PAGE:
I, like many, would like to see hockey return to ESPN. It provides the widest exposure of sports programming in the US.
With that said, ESPN also provides the widest exposure of what I consider to be the biggest problem with sports programming today: the epidemic of sportscasting "personalities" overshadowing the events they present.
The seeds of this issue can be traced back to the infancy of "Monday Night Football," when Howard Cosell was as much (if not more) of a draw as the game itself. Cosell, however, was a well-spoken, intelligent commentator with a firm grasp of his subject matter. What has happened since is the growth of a culture where the medium is the message.
In the early days of ESPN, anchors like Tom Mees delivered the information from the sports world with clarity and authority. The channel (not even really a network, yet) served as a one-stop repository for scores and news on all sports. What's happened since has been the birth and growth of a monster. In addition to reporting, there came commentary. There came in-depth interviews and shows. Then, there came the cult of personality.
Through no real fault of his own, the father of the shift from "sportscaster" to "sports personality" was Chris Berman. When the addition of player nicknames to highlights was new, it made the routine recap of the days happenings a little more fun to watch. It didn't take long for them to gain a nickname of their own: Bermanisms. From there, it seemed a light bulb went off for ESPN--or, at least, for other members of its on-air staff--that spicing things up was the way to go. Next thing you know, sports fans everywhere could tune into SportsCenter for, among other catchy turns of phrase, their daily Spanish lesson (en fuego!).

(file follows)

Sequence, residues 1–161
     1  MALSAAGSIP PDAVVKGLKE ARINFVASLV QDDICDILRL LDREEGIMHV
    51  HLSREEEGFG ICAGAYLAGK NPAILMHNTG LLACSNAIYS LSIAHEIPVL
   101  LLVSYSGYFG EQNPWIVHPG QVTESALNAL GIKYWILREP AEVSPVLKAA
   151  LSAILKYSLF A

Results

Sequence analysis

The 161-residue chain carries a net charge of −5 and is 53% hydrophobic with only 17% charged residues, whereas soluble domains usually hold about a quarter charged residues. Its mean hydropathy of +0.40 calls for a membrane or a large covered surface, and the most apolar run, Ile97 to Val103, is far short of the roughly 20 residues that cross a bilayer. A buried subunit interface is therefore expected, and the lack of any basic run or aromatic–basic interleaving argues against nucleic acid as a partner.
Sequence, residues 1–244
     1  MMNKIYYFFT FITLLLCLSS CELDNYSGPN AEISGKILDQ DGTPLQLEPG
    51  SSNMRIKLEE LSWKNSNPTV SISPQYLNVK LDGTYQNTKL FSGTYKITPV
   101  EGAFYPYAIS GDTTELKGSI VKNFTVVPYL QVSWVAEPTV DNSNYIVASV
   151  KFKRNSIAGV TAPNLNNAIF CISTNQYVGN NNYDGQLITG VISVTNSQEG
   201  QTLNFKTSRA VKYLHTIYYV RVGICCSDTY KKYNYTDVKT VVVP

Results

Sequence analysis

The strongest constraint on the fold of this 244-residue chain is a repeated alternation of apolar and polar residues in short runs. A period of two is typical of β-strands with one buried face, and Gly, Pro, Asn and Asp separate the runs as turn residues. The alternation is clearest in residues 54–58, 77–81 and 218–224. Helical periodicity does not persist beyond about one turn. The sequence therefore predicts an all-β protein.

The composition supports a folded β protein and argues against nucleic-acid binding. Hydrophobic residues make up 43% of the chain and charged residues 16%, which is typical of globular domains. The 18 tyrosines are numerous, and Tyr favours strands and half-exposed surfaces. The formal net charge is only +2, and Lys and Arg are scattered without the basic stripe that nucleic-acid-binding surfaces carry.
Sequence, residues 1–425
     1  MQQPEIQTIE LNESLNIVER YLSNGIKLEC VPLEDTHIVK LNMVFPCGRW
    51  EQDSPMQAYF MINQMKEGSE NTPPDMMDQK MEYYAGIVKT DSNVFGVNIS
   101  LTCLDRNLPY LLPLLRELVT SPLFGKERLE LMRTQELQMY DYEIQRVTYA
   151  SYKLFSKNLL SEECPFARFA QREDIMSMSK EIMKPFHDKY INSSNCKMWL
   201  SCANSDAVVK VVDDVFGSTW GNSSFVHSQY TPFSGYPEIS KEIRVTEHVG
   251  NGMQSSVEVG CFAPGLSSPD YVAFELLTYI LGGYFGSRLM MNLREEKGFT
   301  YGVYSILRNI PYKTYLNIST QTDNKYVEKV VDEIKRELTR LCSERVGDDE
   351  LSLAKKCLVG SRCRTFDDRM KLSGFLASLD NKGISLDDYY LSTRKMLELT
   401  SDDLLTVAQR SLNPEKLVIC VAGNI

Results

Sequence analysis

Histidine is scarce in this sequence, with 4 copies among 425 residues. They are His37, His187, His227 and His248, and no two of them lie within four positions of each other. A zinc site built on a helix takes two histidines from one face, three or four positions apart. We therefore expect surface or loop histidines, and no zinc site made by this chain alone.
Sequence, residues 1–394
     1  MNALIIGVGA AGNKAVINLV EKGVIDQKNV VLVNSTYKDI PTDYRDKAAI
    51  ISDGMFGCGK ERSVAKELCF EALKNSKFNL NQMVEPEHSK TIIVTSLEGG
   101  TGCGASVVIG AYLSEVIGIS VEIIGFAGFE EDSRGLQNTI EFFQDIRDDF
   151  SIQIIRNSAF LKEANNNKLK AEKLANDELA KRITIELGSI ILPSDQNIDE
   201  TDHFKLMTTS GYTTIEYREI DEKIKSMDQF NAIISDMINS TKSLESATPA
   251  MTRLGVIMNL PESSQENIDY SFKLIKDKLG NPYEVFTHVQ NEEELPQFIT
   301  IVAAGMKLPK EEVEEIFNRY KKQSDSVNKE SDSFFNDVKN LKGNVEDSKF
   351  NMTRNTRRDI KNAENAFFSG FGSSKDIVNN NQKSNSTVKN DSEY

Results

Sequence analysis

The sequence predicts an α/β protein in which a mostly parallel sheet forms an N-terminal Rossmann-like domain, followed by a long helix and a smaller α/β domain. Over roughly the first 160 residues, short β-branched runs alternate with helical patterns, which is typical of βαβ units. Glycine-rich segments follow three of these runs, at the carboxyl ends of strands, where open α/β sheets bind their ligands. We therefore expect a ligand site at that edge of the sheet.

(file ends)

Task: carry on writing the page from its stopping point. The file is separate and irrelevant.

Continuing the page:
As ESPN grew into a network--in fact, the self-proclaimed Worldwide Leader in Sports--rerunning SportsCenter to fill 24 hours of programming wasn't enough. It began to develop its own programming, giving its "stars" platforms to put their own spin on the happenings in sports. And so, the spotlight began to shift off of the games and onto the commentators. The epitome of this shift, to me, is "Pardon the Interruption," in which small (sometimes tiny) portions of time are alloted to seemingly every conceivable topic, just so the viewer can get a broad array of wisdom from the commentators. (Personally, I don't think there's any excuse for the fact that I even know the name Tony Kornheiser, let alone the fact that he's also now considered a best-selling author.)
The pinnacle of ESPN's climb of self-importance is its very own ESPY awards--essentially an event manufactured for the network to aggrandize itself and show off just how hip and important what they do is. The channel that was born to report on sports now feels itself to be the arbiter of what constitutes the best in sports.
The technical and marketing expertise of ESPN in presenting sporting events and information is second-to-none (in the US, at least). Unfortunately, that's also translated into the network's anchors and reporters, as well as others (eg, the insufferable Jim Rome or Screamin' A Smith) to consider themselves as the stars of the show.
Next time... the BIG reason hockey isn't popular in the US.